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Intel Arc Graphics vs. AMD Radeon vs. NVIDIA GeForce For 1080p Linux Graphics In Late 2023

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  • #11
    They made the 6800XT too good.

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    • #12
      Thanks for the benchmarks but why no watt measures of the RX 7800 XT?
      I just bought one and I’m curious why the 6800XT is consistently better…
      Also would just love to see power usage of the 7800XT.

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      • #13
        No benchmarks using ray tracing?

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        • #14
          Originally posted by stqn View Post
          Thanks for the benchmarks but why no watt measures of the RX 7800 XT?
          I just bought one and I’m curious why the 6800XT is consistently better…
          Also would just love to see power usage of the 7800XT.
          Crappy AMD support for Linux, as usual.

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          • #15
            Originally posted by Veto View Post
            No benchmarks using ray tracing?
            There's no support for ray tracing for AMD cards in Linux, afaik. The benefits of AMD cards in Linux again. Support will be in 10 years time.

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            • #16
              Originally posted by Panix View Post
              There's no support for ray tracing for AMD cards in Linux, afaik.
              That not true in fact any more.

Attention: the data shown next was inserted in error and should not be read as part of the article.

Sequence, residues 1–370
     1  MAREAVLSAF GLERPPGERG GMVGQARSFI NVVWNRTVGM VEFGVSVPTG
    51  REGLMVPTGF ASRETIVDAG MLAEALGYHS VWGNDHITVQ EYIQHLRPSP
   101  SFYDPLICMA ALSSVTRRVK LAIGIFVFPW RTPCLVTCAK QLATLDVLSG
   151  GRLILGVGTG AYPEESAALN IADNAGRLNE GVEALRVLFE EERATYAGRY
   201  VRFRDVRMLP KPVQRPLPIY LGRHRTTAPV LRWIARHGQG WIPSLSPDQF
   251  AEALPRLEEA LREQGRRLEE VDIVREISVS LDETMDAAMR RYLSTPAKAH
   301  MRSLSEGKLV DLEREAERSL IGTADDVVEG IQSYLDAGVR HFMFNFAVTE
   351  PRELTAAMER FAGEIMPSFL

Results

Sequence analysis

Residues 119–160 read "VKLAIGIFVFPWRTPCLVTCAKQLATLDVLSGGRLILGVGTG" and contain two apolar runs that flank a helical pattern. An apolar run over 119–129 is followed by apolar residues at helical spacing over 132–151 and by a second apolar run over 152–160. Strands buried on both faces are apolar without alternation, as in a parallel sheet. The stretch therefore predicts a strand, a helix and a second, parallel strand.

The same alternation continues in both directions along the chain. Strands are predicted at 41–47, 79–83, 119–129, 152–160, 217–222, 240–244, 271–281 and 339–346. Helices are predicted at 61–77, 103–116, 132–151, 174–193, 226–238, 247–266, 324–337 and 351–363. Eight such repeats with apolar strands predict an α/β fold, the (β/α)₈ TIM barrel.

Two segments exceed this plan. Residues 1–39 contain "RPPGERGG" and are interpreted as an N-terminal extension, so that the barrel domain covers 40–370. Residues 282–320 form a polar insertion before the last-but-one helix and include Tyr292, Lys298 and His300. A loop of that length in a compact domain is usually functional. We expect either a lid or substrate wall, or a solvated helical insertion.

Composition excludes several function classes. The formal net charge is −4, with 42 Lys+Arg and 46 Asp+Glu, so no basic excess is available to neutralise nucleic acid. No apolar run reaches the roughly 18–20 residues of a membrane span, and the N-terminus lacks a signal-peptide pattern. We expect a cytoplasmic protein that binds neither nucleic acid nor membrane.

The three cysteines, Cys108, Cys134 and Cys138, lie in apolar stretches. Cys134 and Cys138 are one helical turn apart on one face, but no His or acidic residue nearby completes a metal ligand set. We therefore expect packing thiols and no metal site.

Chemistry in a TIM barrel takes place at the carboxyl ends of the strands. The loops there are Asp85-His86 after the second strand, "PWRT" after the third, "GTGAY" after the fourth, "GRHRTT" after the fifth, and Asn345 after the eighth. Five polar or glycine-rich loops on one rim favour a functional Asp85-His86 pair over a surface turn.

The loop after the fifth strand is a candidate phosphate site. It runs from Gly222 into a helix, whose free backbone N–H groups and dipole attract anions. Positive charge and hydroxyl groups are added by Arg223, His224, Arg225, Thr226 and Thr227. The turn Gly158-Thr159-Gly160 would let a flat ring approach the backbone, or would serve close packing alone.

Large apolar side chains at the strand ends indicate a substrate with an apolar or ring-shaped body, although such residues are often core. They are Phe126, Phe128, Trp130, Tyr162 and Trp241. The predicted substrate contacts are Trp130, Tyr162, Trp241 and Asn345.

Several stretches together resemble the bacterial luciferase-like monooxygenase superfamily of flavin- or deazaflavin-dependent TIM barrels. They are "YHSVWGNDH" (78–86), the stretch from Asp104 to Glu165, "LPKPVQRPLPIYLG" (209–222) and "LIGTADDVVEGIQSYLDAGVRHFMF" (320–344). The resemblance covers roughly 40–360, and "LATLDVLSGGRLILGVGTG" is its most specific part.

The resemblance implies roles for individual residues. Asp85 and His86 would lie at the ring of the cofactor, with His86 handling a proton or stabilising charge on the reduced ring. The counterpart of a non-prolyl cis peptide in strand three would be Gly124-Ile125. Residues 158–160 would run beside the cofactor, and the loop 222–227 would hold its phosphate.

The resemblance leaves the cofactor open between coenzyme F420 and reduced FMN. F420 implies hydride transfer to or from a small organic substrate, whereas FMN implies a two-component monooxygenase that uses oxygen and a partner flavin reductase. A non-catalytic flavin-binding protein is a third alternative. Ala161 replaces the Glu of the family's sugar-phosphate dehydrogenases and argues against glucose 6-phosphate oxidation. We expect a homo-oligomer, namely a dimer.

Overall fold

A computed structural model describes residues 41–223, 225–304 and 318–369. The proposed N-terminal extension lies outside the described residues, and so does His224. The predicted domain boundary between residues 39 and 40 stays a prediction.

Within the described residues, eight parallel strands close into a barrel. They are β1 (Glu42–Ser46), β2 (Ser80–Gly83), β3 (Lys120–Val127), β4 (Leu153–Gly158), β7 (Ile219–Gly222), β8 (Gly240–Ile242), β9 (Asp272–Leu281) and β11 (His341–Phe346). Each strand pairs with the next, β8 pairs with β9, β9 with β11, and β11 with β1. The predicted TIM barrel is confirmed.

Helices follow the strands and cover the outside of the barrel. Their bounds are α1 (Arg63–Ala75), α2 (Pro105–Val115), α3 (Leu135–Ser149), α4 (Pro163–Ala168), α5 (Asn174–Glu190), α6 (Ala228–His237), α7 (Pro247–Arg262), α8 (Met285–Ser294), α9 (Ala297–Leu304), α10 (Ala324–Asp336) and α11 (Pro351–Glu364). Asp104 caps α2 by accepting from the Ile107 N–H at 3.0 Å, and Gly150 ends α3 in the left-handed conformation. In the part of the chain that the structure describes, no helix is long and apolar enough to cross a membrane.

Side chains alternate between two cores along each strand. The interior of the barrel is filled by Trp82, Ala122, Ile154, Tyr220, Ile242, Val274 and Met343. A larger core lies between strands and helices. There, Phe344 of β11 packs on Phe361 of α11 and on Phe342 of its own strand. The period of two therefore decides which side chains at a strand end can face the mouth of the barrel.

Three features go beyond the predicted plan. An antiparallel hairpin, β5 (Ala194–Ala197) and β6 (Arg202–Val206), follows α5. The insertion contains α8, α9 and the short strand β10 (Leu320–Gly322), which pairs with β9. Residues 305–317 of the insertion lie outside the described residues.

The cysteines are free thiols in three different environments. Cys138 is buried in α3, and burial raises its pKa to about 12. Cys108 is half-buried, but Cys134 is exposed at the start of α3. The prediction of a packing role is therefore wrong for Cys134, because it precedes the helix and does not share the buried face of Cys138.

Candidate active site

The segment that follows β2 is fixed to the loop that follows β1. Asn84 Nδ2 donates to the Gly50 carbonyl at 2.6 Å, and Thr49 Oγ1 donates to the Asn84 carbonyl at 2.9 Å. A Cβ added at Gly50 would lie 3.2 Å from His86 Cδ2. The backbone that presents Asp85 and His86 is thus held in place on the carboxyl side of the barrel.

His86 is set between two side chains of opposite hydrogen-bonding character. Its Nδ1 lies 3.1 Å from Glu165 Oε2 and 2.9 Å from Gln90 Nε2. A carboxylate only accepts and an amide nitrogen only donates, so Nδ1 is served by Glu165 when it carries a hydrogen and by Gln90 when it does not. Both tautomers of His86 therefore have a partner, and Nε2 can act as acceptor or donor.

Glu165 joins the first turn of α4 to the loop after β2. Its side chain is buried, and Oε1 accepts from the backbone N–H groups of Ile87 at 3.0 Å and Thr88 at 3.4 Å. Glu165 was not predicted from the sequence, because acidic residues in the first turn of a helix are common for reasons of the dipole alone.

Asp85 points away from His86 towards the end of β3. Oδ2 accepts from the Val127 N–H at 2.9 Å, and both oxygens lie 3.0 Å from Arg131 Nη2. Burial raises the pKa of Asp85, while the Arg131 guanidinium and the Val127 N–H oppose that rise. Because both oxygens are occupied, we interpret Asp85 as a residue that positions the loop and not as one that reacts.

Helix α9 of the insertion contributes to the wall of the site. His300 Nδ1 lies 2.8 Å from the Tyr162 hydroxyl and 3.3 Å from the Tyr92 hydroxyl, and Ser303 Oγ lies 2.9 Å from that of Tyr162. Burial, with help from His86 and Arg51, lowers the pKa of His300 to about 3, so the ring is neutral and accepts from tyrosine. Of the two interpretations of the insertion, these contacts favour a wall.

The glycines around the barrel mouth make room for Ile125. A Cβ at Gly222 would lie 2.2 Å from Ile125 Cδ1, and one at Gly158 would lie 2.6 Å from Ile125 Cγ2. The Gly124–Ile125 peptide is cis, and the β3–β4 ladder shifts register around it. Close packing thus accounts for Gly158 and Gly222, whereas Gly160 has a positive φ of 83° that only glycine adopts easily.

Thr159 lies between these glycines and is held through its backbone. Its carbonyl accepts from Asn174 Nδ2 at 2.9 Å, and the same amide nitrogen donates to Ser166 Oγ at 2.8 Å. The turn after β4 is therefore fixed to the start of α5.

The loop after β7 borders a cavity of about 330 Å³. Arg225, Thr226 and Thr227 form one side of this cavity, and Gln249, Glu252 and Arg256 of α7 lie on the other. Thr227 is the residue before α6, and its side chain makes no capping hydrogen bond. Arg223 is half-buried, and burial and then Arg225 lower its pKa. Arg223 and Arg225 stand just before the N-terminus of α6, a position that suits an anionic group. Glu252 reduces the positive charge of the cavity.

AMD Intel and Nvidia on Linux all have ray-tracing support now. AMD was the 28 Sept 2023​ release of mesa3d being 23.2. The listed specification of the test platform here does have the right mesa to have raytracing with AMD. Just no ray-tracing test in mix.

              AMD raytracing support in mesa3d had to go though a few revisions before it could get merged. Those attempting to use Raytracing with windows at the start with AMD were wishing that it had gone though a few more revisions before being dropped on them as well.

              AMD driver support has been AMD biggest issue with GPUs and that is not restricted to Linux. The mesa3d process has seen features delayed as code to support particular processes fail peer review and have to be redone but the when the features land they been in good condition. Window side users have had red screens of death (as in full kernel crashes) and other nightmares yes they got the features sooner but they also got more stability issues..

              So it pick your poison with AMD. Neither Windows or Linux driver state is ideal.

              Valve funding zink development port to Windows is also due to driver issues with AMD/Intel and Nvidia on windows.

              GPU drivers have cursed in many different ways.

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              • #17
                Originally posted by Panix View Post

                There's no support for ray tracing for AMD cards in Linux, afaik. The benefits of AMD cards in Linux again. Support will be in 10 years time.
                Not true... Mesa 23.2 defaults with RT enabled.

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                • #18
                  Originally posted by oiaohm View Post
                  That not true in fact any more.


                  AMD Intel and Nvidia on Linux all have ray-tracing support now. AMD was the 28 Sept 2023​ release of mesa3d being 23.2. The listed specification of the test platform here does have the right mesa to have raytracing with AMD. Just no ray-tracing test in mix.

                  AMD raytracing support in mesa3d had to go though a few revisions before it could get merged. Those attempting to use Raytracing with windows at the start with AMD were wishing that it had gone though a few more revisions before being dropped on them as well.